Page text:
Conference, Audio, Video or Powerpoint Presentation
Title: A Clinical Theory of Psychoanalysis: The Common Ground of Psychoanalytic Practice
Authors: Eisold, K.
Freud is constantly claiming to be scientific. But what he gives is speculation — something prior even to the formation of an hypothesis.
What is it about the work we do with others — whether short or long term psychotherapy, or group work, or organizational consultation — that makes it "psychoanalytic." By this, I do not mean what are the core theories or the theoretical common ground (Klein, 1976; Wallerstein, 1988, 1992) that all, or most, analysts share. I mean, apart from what psychoanalysts are supposed to believe, what do they actually set out to do?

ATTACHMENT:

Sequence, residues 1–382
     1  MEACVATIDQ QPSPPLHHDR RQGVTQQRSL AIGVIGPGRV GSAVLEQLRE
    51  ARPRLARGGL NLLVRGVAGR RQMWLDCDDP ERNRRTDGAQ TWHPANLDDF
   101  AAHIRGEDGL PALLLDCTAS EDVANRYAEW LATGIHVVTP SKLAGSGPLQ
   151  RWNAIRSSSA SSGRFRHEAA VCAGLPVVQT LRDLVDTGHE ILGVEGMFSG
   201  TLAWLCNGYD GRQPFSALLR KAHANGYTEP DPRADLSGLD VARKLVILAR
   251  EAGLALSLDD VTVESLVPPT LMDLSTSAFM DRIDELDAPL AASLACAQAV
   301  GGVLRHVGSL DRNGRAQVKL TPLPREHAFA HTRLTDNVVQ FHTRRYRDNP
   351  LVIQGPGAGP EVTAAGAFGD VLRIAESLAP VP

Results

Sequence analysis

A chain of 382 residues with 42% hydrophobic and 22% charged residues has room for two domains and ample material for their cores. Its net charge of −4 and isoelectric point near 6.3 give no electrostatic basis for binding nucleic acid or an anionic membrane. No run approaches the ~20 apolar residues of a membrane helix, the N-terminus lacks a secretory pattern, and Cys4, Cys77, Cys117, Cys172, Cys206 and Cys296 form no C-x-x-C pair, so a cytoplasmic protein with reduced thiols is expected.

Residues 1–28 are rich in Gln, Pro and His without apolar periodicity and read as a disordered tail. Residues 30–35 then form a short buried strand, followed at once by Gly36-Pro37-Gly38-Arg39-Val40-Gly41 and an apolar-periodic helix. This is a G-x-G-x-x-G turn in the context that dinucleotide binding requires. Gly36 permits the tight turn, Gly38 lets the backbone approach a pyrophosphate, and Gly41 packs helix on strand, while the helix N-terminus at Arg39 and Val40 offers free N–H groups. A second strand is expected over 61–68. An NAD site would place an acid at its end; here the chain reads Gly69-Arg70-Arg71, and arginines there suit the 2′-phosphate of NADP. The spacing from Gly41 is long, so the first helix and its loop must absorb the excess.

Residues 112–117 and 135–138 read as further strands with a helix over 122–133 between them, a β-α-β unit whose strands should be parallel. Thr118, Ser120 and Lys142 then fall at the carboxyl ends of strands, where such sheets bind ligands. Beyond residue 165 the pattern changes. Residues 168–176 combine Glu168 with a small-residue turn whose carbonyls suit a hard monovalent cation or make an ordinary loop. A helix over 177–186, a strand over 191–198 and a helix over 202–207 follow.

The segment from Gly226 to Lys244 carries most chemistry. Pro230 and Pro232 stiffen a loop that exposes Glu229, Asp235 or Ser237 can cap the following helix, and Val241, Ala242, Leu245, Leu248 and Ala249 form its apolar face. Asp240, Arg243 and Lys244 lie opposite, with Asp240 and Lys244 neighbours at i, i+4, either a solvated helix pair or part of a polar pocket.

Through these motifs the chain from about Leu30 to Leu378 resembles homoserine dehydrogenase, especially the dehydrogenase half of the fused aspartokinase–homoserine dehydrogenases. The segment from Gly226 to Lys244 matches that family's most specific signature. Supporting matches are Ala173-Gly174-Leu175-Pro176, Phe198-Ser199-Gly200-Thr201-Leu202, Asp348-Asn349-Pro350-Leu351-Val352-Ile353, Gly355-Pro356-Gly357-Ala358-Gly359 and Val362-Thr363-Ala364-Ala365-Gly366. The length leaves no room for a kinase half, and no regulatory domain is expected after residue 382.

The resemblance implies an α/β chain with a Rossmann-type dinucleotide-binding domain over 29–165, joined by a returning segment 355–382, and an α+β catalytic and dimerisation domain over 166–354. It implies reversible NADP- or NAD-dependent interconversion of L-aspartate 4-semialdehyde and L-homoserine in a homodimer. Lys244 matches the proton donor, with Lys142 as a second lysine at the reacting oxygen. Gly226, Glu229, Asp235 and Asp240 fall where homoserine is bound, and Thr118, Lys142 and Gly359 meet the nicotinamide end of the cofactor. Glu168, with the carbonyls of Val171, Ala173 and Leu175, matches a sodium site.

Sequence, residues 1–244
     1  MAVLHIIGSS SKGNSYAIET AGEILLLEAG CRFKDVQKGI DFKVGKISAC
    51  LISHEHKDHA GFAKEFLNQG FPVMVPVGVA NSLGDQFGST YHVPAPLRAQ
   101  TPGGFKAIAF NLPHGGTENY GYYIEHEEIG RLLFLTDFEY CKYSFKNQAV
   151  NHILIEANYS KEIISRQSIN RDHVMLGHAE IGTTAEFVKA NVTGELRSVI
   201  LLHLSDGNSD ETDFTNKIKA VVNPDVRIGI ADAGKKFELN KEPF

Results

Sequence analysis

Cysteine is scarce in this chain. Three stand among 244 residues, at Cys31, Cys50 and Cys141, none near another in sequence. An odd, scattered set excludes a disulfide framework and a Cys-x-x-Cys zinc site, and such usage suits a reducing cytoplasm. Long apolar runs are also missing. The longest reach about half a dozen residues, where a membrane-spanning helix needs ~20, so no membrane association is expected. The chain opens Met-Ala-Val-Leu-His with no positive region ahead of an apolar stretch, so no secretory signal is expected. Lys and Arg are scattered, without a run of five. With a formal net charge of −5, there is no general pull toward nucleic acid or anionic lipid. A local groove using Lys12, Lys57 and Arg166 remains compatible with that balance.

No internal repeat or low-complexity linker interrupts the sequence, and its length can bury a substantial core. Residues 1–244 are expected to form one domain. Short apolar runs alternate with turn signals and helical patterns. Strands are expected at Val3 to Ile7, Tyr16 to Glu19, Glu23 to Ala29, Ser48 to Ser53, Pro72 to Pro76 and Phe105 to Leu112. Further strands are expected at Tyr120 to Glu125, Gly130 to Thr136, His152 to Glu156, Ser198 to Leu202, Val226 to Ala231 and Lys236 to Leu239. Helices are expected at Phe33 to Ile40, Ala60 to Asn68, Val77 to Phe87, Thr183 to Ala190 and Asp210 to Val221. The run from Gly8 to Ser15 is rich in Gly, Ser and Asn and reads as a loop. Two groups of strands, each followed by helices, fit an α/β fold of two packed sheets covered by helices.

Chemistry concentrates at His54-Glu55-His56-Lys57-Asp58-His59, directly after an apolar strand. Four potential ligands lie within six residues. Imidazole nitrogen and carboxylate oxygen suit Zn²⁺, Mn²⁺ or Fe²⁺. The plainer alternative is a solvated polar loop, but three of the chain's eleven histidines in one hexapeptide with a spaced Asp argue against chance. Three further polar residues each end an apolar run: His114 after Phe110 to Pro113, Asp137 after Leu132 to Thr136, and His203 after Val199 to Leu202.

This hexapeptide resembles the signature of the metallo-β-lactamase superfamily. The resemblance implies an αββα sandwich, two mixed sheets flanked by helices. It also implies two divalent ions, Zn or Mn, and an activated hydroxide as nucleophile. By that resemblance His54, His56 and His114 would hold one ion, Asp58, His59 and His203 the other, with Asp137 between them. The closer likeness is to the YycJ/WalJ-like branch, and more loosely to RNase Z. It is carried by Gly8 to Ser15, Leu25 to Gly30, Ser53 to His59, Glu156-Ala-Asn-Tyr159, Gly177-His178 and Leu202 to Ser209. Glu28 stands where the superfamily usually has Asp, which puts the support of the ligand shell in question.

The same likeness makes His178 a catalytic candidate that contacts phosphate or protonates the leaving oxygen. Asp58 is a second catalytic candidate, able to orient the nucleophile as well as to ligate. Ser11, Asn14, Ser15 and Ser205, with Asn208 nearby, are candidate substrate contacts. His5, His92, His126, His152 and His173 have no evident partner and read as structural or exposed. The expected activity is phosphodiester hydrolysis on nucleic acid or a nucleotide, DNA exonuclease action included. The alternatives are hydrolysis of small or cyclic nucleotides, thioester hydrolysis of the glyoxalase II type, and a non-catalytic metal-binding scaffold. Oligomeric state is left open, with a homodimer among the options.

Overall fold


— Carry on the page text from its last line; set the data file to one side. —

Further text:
My aim in this is to pull together what many have written on the subject. I do not aim to be original. Indeed, I aspire to be reductionistic. The value I hope to provide is simply in framing the problem and providing the beginnings of an answer. If what I say strikes you as obvious, in a sense, I will have succeeded.
Keywords: Psychoanalysis, common ground, psychoanalytic practice
Location: Toronto, Canada
Name of Event/Conference: 16th Annual Meeting of the International Society for the Psychoanalytic Study of Organizations
Sponsoring Organization: ISPSO
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